Kenya soldiers move toward the Westgate Shopping Mall in Nairobi on Sept. 24.
(Photo: Sayyid Azim, AP)
(USA Today) -- WHAT HAPPENED TODAY: Kenya President Uhuru Kenyatta addressed his nation Tuesday, declaring the deadly four-day siege at the Westgate Shopping Mall in Nairobi is over, Nairobi's Daily Nation reports.
"We have ashamed and defeated the attackers," Kenyatta said, adding that "our losses are immense."
The president said five terrorists had been killed "with gunfire" and that 11 others were in police custody. He said 61 civilians were dead and that six law enforcement officers "had made the ultimate sacrifice in their line of duty."
In addition, about 200 people were injured in the siege that began Saturday. Kenyatta said three floors of the mall had collapsed and that several bodies -- including those of terrorists and civilians -- were trapped in the debris. It wasn't clear how many were trapped or whether any were still alive.
"It is certainly known that there are more casualties," Kenyan Red Cross spokesman Abbas Gullet told the Associated Press.
Kenyatta said the process of identifying the terrorists was continuing.
"These cowards will meet justice, as will their accomplices and patrons, wherever they are," he said.
He declared three days of national mourning.
Earlier Tuesday, terrorists allied with the Somali Islamist terrorist group al-Shabab had said they were "still holding their ground" in the mall and had hostages with them. A spokesman for the group said the attack was revenge for Kenya's participation in an Africa force that pushed the group out of the Somali capital of Mogadishu in 2011.
Kenya's Interior Minister Joseph Ole Lenku said the evacuation of hostages had gone "very, very well."
THE DEAD: Kenya's president put the death toll at 72 - 61 civilians, six law enforcement officers and five terrorists. Most of the dead were said to be Kenyans. Also killed: four British citizens, a Dutch woman, two French nationals, an Australian man, Netherlands woman, a Peruvian, an Indian man and child, a Swiss citizen, a Chinese woman, a South African, a New Zealand man and two Canadians, including a diplomat, their governments said. An African poet and author from Ghana, Kofi Awoonor, also died, Ghana's president said.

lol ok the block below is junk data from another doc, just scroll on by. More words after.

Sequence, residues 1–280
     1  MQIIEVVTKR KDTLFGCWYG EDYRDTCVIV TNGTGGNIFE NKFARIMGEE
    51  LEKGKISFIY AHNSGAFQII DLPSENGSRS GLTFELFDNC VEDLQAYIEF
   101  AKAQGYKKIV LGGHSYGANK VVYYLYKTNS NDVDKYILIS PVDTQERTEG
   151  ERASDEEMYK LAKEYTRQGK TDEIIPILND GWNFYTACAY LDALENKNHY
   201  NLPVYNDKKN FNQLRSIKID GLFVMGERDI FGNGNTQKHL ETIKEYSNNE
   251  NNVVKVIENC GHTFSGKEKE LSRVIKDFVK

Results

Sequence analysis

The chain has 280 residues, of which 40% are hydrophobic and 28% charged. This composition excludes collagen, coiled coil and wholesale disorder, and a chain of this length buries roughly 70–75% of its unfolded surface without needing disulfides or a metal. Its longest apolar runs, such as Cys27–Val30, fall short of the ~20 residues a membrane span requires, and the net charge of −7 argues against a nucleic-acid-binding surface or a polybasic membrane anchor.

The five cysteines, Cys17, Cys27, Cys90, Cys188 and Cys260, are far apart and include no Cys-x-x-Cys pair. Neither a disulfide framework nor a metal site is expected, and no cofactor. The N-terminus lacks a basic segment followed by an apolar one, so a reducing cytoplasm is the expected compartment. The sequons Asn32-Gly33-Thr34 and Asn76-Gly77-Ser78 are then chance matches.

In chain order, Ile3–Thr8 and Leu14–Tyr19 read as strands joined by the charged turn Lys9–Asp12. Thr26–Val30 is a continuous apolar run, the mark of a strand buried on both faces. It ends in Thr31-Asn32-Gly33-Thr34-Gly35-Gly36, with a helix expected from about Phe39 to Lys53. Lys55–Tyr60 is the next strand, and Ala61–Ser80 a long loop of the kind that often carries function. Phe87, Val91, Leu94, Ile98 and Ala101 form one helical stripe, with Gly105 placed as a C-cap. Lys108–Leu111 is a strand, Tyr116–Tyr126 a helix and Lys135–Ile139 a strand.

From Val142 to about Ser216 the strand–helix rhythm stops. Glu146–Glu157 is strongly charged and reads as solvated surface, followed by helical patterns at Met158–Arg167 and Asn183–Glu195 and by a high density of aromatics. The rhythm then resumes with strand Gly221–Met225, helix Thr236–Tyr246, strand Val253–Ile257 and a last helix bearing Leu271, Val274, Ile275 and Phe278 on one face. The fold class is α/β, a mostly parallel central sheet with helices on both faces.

Five American citizens were injured, U.S. officials said.
THE ATTACKERS: Kenya Chief of Defense forces Gen. Julius Karangi said the terrorists are allied with al-Shabab, a Somali group loyal to al-Qaeda that has been fighting for years in Somalia to force it to convert to an Islamist theocracy. Kenya has sent forces to Mogadishu, Somalia, to combat the group.
Kenyan Foreign Minister Amina Mohamed has said "two or three Americans" and "one Brit" were among the attackers. Al-Shabab denied the assertion; the U.S. State Department said it had "no definitive evidence of the nationalities or the identities" of the attackers.
In a Twitter post Tuesday evening, al-Shabab "categorically" denied that women participated in the attack.
"We have an adequate number of young men who are fully committed and we do not employ our sisters in such military operations," the group said.